Saudi Arabia's King Abdullah condemned the crackdown on anti-government protesters in Syria on Sunday, saying there is "no justification for the bloodshed."
In an audio message that aired on Saudi state television Sunday night, Abdullah said the kingdom had recalled its ambassador from Damascus for consultations.
His statement puts the leader of one of the leading powers in the region behind calls for an end to the violence. In his remarks Sunday night, he said Syria's future "lies between two choices - either wisdom or chaos."FULL STORY
Jeddah Tower will be 1,000 meters (3,281 feet) tall and will contain a Four Seasons luxury hotel, apartments, condominiums and offices that overlook the Red Sea, Financial Times reported.
Kingdom Holding is paying Bin Laden Group, one of the world's largest construction companies, about $1.2 billion to take on the five-year project, according to Financial Times.
Saudi Bin Laden Group was founded in 1931 by Muhammad Awad bin Laden, the billionaire father of terrorist Osama bin Laden. It built much of Saudi Arabia's highways and infrastructure, as well as entire districts and cities.
The company constructed additions to the Muslim nation's two holiest mosques in Mecca and Medina. It operates throughout the Middle East and was chosen in 1964 to reclad the golden Dome of the Rock mosque in Jerusalem.
Over the years, Saudi Bin Laden Group has expanded into a conglomerate that includes engineering, manufacturing and telecommunications, according to business analysis site Hoovers.com.
Osama bin Laden, the 17th of 52 children, inherited part of his father's fortune, but his radical activities led the family to disown him in 1994.
Prince Alwaleed Bin Talal Bin Abdulaziz Alsaud, a nephew of Saudi Arabia's King Abdullah, announced the tower building contract Tuesday. He owns 95% of Kingdom Holding, according to Financial Times.
When completed, Jeddah Tower will easily surpass Dubai's 828-meter (2,717-foot) Burj Khalifa as the world's tallest building.
The Chicago firm Adrian Smith + Gordon Gill Architecture designed the project and will oversee its development, Gulfnews.com reported. Adrian Smith was one of Burj Khalifa's designers when he was with Skidmore Owings and Merrill.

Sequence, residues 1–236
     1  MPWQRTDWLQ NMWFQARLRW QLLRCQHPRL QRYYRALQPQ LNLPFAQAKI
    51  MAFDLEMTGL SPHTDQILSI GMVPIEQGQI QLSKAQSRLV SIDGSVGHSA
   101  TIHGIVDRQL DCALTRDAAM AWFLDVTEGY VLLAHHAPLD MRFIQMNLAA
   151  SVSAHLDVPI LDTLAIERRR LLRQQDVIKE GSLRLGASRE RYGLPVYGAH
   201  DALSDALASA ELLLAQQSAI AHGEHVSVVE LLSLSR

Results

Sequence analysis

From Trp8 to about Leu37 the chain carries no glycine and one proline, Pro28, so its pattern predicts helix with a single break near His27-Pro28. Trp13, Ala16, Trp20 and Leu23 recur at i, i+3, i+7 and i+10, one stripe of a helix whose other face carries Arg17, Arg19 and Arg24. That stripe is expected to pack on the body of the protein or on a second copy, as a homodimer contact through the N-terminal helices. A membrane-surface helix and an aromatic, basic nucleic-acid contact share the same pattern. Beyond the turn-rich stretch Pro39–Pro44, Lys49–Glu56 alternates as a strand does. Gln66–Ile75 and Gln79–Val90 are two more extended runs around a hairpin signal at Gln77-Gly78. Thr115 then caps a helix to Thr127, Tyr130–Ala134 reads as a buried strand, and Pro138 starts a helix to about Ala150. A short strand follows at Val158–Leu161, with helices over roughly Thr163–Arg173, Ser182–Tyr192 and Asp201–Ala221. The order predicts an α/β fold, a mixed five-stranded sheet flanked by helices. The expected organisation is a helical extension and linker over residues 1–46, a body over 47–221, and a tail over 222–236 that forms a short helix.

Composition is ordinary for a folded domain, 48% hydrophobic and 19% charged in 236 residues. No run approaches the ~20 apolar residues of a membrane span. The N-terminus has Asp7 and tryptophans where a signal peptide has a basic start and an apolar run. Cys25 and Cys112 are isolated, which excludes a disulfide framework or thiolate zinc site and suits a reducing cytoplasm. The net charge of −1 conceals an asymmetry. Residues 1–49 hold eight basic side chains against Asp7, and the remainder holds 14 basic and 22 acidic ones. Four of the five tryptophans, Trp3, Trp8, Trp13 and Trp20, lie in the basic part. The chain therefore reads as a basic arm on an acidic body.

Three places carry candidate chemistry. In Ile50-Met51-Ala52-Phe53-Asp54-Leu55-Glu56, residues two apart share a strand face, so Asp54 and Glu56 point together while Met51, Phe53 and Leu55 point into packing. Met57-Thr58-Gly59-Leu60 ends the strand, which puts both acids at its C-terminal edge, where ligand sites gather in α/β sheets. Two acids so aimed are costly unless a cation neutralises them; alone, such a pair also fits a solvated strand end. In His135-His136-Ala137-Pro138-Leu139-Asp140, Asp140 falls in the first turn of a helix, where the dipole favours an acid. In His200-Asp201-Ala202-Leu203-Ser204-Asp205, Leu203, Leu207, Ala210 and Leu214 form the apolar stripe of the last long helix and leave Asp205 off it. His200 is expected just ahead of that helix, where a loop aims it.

Saudi women have been encouraged to challenge the status quo and get behind the wheel Friday.
The initiative is called "Women2Drive," a campaign demanding the right for women to drive and travel freely in Saudi Arabia.
Though there are no traffic laws that make it illegal for women to drive in Saudi Arabia, religious edicts are often interpreted as a ban against female drivers. One female motorist spent more than a week in custody in May, supporters said.
The day was expected to be a test of wills, and authority, between police and the campaign, which has been publicized by Facebook, Twitter and other social media.FULL STORY
Three things you need to know today.
Where's 'Friday'?: This will be your first Friday in, well it seems like forever, that you can't kick off with a Rebecca Black "Friday" video fix from YouTube.
Entertainment Weekly reports that the clip, which had more than 167 million views, has been pulled.
“This video is no longer available due to a copyright claim by Rebecca Black. Sorry about that” is what you'll read when you click on the link.
The website NME.com reports that the video was pulled in a dispute with Ark Music, which wrote the track's music.
Solar power plant: Friday is the official groundbreaking for what is billed as the world's largest solar energy facility.
The Blythe Solar Power Project is being constructed on 7,000 acres of public lands in the desert of Riverside County, California.
When it is completed, the solar power plant will produce electricity to power 300,000 single-family homes for a year, its backers say. Using the plant's solar-generated electricity rather than fossil fuels will also reduce carbon dioxide emissions by 2 million tons a year.
During construction, the plant is expected to create 1,066 construction jobs and almost 300 permanent jobs.
Secretary of the Interior Ken Salazar joins other state and local officials for Friday's groundbreaking.
Saudi driving: Saudi women are being encouraged to challenge the status quo and get behind the wheel Friday.